Cambridge Music Festival
2019 Festival dates 6-14 November
Justin Lee didn’t grow up in a particularly musical family but an early habit of singing on the loo led to singing in the local church choir, studying music at university, and spending nearly 19 years in the orchestra sector working variously with the City of Birmingham Symphony Orchestra, the Academy of Ancient Music and the Southbank Sinfonia. When he took over as director of the Cambridge Music Festival in 2012, he had two aims in mind: to bring musicians of the highest calibre to Cambridge, and to programme a festival that does unusual things.
The 2019 Festival offers a hugely varied repertoire from Handel’s coronation anthems performed by the Choir of King’s College, Cambridge with the Academy of Ancient Music, to music that explores sound almost for its own sake with Gérard Grisey’s Talea, haunting and mysterious, performed by Explore Ensemble.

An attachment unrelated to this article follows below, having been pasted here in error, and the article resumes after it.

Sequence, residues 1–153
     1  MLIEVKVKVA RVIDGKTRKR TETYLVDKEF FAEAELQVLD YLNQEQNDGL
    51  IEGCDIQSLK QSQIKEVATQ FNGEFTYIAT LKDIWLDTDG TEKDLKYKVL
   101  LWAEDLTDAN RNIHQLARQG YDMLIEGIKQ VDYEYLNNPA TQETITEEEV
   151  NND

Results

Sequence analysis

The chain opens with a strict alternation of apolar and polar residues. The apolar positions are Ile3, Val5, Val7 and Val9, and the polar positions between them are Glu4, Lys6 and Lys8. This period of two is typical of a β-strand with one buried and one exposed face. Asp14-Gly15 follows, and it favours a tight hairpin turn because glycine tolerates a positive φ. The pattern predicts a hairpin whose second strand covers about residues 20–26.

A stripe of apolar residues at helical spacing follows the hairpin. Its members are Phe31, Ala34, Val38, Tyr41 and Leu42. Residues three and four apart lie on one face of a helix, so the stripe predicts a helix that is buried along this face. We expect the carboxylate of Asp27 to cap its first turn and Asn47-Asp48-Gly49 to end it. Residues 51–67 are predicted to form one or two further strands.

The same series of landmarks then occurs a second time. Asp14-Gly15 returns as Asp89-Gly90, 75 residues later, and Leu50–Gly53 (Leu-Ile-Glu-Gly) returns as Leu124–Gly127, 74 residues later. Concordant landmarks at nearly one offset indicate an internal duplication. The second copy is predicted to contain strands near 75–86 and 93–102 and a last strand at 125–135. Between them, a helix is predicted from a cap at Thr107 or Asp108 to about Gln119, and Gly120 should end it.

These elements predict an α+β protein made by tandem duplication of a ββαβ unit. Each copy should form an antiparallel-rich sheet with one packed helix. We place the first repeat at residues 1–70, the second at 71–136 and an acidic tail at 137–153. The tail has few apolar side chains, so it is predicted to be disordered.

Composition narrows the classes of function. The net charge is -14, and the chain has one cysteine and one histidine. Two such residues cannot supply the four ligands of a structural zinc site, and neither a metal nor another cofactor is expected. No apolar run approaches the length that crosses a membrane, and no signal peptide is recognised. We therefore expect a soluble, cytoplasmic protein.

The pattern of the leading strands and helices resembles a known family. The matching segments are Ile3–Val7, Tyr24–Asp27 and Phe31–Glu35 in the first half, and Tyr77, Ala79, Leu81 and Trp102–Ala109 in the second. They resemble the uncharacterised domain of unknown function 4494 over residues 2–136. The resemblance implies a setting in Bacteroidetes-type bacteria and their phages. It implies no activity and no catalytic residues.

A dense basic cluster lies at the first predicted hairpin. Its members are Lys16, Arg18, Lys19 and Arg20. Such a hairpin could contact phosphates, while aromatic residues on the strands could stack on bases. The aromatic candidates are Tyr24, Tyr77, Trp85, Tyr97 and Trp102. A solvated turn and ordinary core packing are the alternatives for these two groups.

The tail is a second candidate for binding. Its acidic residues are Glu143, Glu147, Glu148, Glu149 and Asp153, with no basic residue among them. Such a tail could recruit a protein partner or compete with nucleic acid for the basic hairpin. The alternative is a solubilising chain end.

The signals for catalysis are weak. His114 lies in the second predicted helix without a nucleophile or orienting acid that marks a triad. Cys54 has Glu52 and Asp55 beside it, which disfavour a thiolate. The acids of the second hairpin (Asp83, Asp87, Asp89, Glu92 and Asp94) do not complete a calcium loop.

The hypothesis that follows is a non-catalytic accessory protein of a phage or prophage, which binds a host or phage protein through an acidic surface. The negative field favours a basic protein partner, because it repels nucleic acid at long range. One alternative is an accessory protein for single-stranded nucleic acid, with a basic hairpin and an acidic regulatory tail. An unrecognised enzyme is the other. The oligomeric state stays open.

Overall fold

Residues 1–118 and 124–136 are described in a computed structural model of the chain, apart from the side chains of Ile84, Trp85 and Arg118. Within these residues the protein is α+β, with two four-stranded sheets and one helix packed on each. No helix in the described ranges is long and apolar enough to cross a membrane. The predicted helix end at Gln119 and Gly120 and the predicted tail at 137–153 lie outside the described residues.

There’s a decidedly French tinge to this year’s festival. The Trio Manouche play Django Reinhardt classics to recreate the intoxicating atmosphere of the Hot Club de France of 1930s Paris, and Steven Osborne plays the rarely performed, cult piano piece by Messiaen, Vingt Regards (or twenty contemplations) which encompasses everything from jazzy rhythms to melodies that are so beautiful they make time stand still. Grammy award-winning saxophonist Amy Dickson presents an evening of classical, jazz, Argentine tango and the minimalism of Philip Glass, and headline act Joshua Bell, one of the top violinists in the world, plays Mendelssohn’s Violin Concerto with the Academy of St Martin in the Fields (who are celebrating their 60th anniversary this year).
Justin describes himself as a relatively well-informed enthusiast not a musical authority. What he wants to share is his passion for live music, how it makes you feel, whether it’s beautiful, moving or even disturbing. It’s not an academic exercise – music is visceral. The festival programme, and the musicians performing in it, truly reflect that vision.